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A few hours before the start of the FIFA World Cup, organized for the first time in the Arab world, the Qataris oscillate between excitement and inflexible pride in the face of criticism of the event. Report from the streets of Doha.

The World Cup takes place from November 20 to December 18, 2022 in Qatar.
The World Cup takes place from November 20 to December 18, 2022 in Qatar. © FMM Graphic Studio

“It’s an extraordinary feeling. I was fifteen when I watched the awarding ceremony. I remember the explosion of joy when it was announced. And now the World Cup is taking place in Qatar. “, rejoices Aïssa al-Khaldi, who, like many Qataris, remembers the exact place where he was when his country became officially host country of the competition in 2010.

This 27-year-old defines himself as an “absolute football fan”. Qatar jersey and cap on his shoulders, he sips a fruit juice on the terrace in the souk Waqif, the “standing market”, the secular center of the city.

Aïssa does not sulk her pleasure in front of this World Cup in Qatar
Aïssa does not sulk her pleasure in front of this World Cup in Qatar © Romain Houeix, France 24

Aïssa is happy on the eve of the World Cup. He obtained tickets for the three matches of Qatar, including the inaugural which takes place Sunday, November 20 against Ecuador. He is optimistic about his country’s chances of breaking out of their strong group with the presence of the Netherlands and Senegal. But, realistically, he still sees Argentina going to the final against a European team. “Why not against France”, he smiles fair play.

The atmosphere is based on foreign supporters

For the moment, he especially tastes his pleasure of the atmosphere which rises in the souk, in the middle of the flags installed everywhere. Under the benevolent eye of security, a few groups of foreign supporters come to enliven the market. Argentinians sing songs loud and clear to which Portuguese, Brazilians and Croats respond. A little further on, a Saudi sewed his flag with that of Morocco, Tunisia and Qatar to celebrate the friendship between the four Arab nations qualified for this first World Cup in the Middle East.

An Arab friendship flag in the Waqif market.
An Arab friendship flag in the Waqif market. © Romain Houeix, France 24

Qataris are more reserved. They observe the scenes with an amused air while for the most part avoiding answering the questions. Children don’t have that shyness. Stars in their eyes, they talk about their hopes for this World Cup.

“By organizing this World Cup, we are among the greats,” said Jalalah, 10. “I want Qatar to win.”

“It’s a great achievement for Qatar and the Arabs of the Gulf. I hope it will be the best World Cup ever,” added Ali, his twin brother, who also supports Neymar’s Brazil.

Ali and Jalalah, accompanied by their older brother.
Ali and Jalalah, accompanied by their older brother. © Romain Houeix, France 24

Remains only for the adults, the criticisms which rain on Qatar since the attribution of the 22e World Cup remains in the throat of many.

“In every country there are problems.”

Like Aïssa: “Many doubted our ability to organize such an event given our small size, but we rose to the challenge. We have exceptional infrastructure. I have no doubt that it will be a great success for Qatar”, praises the young man who invites Europeans to focus on their situations rather than judging his country.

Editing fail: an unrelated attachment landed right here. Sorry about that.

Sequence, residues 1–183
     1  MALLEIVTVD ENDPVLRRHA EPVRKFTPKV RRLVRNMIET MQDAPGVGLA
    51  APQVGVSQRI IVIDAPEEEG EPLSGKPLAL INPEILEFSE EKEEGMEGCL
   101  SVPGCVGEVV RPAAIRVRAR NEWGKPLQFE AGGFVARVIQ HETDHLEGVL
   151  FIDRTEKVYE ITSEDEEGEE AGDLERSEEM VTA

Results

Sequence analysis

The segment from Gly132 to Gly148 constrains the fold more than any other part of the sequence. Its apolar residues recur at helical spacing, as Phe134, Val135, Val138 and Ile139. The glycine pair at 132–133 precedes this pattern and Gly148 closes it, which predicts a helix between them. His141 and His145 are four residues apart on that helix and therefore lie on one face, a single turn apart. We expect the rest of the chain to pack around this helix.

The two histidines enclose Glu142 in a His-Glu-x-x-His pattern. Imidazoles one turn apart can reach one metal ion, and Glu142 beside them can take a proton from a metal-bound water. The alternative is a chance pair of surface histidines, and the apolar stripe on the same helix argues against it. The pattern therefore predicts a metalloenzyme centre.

“It is true that there was a problem concerning the rights of foreign workers but that was before because today the situation has improved”, justifies the fervent supporter of Qatar. “In every country there are problems.”

Dressed in the thobe and the izar – the traditional white shirt and trousers – and wearing the ghutra, 31-year-old Suhaim Althain does not say anything else. While this corporate international relations manager isn’t as fanatical about football as Aïssa, he intends to make the most of the competition. He bought tickets for eight matches including the inaugural Qatar – Ecuador. But the one he expects the most is Argentina – Mexico with the promise of seeing passionate supporters in action.

“This World Cup is a success for the whole Arab world”

While enjoying his cool drink, he takes the time to reflect and weigh every word when it comes to responding to the criticisms leveled against his country, between the catastrophic ecological impact of competition and respect for the rights of migrant workers. . He regrets a certain misinformation and puts the magnifying glass on the problems, to the detriment of a global vision of the event.

>> To read also: The World Cup in Qatar, a world of “excess”

“I think this World Cup will change the world’s view of Qatar and the whole region: a country that has a lot to offer, with a rich culture and a diversity of people living there,” he continued. it, before shelling past examples. “Germany stopped being associated with the Nazis after hosting the World Cup (in 1974 and in 2006, nldr). South Africa is no longer seen as underdeveloped like the rest of the continent after the Mondial-2010. All the supporters returned delighted from Russia in 2018…”

“In terms of developments, our country has changed rapidly over the past twelve years. To host the World Cup, a lot of infrastructure has come out of the ground, not only stadiums but also transport, accommodation… All of this is part of in a longer-term plan: the 2030 vision”, he recalls, referring to this plan launched in 2008 by the government to develop the country in a sustainable way by 2030. “The World Cup was a tremendous accelerator.

“This World Cup is a success for the whole Arab world,” he concludes. “Now she’s here [à Doha, nldr]. We should start focusing on matches.”

The World Cup in Qatar beyond football:

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